In this post I will show you as how to do set up in Apache Tomcat 7x server. I have installed the Apache Tomcat on my local machine as windows service.Once you have installed Tomcat as service, navigate to the bin directory of the server and right click tomcat7w.exe file. Please make sure that you run this with administrator rights.


In apache Tomcat 7 Properties windows, click on Java tab, you need to enter below options for local monitoring solutions.Please note that with below options we have turned off SSL and authentication is also switched off which means that you don’t need user id and password to connect to the server.


For remote monitoring of the server we need to enable remote port for jmx. Below options I have shown as how to set JMX Monitoring with user credentials, however if you don’t need user credentials, then probably, you can use options jmxremote.authenthicate as false.

-Dcom.sun.management.jmxremote.port=(your port number)
-Dcom.sun.management.jmxremote.password.file= path to password file

Below screenshot shows you the setting I have given in my tomcat server. Since JMX is based on JMX Specification, set up is pretty should be similar in other java based servers. However in those servers, we might set the java options in class path options while starting the servers.


Once the JMX options is enabled, we can use any JMX Client to connect to the server and gather the performance metrics. However please do note that application and server need to expose its functionality via Mbeans. Below screenshots shows the connection with JConsole,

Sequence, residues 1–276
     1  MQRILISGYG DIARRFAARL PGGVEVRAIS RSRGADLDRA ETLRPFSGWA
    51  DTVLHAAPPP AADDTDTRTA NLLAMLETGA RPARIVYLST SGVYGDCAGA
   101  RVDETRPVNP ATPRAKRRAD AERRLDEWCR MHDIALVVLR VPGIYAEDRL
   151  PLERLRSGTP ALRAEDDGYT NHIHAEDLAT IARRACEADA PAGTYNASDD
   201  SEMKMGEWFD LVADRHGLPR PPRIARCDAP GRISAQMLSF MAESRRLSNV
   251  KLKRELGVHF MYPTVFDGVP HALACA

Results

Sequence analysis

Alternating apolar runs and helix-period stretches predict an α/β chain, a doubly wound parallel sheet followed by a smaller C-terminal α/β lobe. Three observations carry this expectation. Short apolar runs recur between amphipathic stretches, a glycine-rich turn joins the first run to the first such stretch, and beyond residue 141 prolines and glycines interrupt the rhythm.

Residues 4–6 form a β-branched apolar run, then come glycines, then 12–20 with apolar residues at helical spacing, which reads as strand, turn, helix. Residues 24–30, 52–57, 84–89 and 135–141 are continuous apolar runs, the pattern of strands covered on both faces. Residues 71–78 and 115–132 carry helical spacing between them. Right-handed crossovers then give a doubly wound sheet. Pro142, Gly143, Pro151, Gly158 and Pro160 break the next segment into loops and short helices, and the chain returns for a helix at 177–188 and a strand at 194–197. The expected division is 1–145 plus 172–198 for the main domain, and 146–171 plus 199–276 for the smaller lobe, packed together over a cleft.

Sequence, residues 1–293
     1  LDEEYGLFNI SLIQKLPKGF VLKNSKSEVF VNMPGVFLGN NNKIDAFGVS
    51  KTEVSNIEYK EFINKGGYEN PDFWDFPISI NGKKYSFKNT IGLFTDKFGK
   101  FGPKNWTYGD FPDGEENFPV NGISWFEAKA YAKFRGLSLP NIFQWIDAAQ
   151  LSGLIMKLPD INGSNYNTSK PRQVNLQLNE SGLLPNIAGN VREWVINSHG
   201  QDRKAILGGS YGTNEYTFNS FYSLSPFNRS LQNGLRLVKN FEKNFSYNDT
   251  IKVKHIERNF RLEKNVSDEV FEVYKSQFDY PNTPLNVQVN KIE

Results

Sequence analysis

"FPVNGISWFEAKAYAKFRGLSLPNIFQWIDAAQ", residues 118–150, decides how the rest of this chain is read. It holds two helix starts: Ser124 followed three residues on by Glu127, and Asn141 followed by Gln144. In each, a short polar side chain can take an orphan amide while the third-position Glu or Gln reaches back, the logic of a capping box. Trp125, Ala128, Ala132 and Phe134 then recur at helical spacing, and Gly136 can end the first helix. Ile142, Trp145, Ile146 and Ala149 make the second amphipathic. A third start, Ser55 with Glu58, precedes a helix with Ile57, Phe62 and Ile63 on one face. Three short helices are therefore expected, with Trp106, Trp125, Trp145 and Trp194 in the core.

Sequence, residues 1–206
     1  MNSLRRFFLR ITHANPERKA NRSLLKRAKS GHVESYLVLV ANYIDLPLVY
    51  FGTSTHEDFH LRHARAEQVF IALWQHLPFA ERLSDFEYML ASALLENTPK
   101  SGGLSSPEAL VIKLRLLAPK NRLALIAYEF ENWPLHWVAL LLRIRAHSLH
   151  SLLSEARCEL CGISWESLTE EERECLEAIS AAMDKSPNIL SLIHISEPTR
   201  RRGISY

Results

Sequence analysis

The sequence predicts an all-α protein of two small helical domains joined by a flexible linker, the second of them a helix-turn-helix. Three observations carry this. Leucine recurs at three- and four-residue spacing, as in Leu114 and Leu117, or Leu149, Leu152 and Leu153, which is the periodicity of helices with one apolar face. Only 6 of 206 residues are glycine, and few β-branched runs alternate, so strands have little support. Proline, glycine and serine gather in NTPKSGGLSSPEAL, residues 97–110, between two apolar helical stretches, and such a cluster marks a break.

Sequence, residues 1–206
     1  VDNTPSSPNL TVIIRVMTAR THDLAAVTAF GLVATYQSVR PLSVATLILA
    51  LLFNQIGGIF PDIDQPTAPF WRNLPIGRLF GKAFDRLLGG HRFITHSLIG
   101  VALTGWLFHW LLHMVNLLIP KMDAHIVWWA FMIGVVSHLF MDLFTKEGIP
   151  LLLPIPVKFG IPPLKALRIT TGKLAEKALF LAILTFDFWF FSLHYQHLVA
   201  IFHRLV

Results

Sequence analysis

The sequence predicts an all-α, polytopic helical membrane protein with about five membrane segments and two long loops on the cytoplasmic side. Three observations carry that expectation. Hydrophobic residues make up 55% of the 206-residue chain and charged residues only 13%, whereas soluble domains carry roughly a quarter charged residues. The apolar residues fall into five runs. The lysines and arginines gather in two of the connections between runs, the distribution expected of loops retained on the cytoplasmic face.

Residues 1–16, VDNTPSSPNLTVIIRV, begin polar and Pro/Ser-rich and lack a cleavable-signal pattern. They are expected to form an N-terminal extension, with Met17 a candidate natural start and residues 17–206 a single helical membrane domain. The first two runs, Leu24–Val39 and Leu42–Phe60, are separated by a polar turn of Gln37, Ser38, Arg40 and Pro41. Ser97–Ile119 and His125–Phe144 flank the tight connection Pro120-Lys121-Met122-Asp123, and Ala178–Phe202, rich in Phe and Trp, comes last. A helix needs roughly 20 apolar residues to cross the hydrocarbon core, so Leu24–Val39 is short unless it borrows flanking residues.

Enabling the JMX Options is the first step you need to do if ever you want to monitor any java based servers with JMX.

Lot of people also say that enabling the JMX is cumbersome process, but my experience was bit different and after enabling it did not break any thing on my environment set up.

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Unit Tests Test Case – Is My Code Output Correct

November 20, 2013 by kiranbadi1991 | Comments Off on Unit Tests Test Case – Is My Code Output Correct | Filed in Development, Others, Testing

One of the goals for writing unit tests is to ensure that code does what it is supposed to do. When we write and compile the code, we know it gets through perfectly without any errors. However not having any errors do not necessarily mean that it does what it’s supposed to do. We need to have some mechanism to know that the code produces the results we require and we also have other means to validate the code output. Your test case for Unit test should test for results or code output validity.

Consider the below simple program add 2 numbers (I know this example is too easy and not practical one ,however this is best example coming to my mind now while writing this post,sorry I do have some great unit tests for my piece of code, I will share those as well later on)

public class AddTwoNumbers {

public double add (double number1, double number2) {

Return number1 + number2;



The Intended purpose of AddTwoNumbers is to take 2 double values and do the addition. We need some mechanism to know that when this program gets executed we are indeed doing addition and program is also not giving us back any runtime exception. Probably we can write the test for this program something like below,

public class AddTwoNumbersTest {

public static void main(String[] args) {

AddTwoNumbers addtwonum = new AddTwoNumbers();

double output = addtwonum.add(40,50);

if (output != 90) {

System.out.println("Bad result: " + result);




One of the other ways to test this program is with Junit and use its assertEquals Method.

import static org.junit.Assert.assertEquals;

import org.junit.Test;

public class AddTwoNumbersTest {


public void testAddTwoNumbers() {

AddTwoNumbers addtwonum = new AddTwoNumbers();

double output = addtwonum.add(40,50);

assertEquals(60, result, 0);



Junit probably is one of the best library for unit testing the java code. Probably sometimes later I will write more on Junit. In case while writing the code ,the requirements are not clear, then probably making some assumptions surely helps. However we need to ensure that our assumptions are repeatedly clarified with users or relevant stakeholders.

So the first unit test case for your piece of code should be to verify that your code does what it is supposed to do.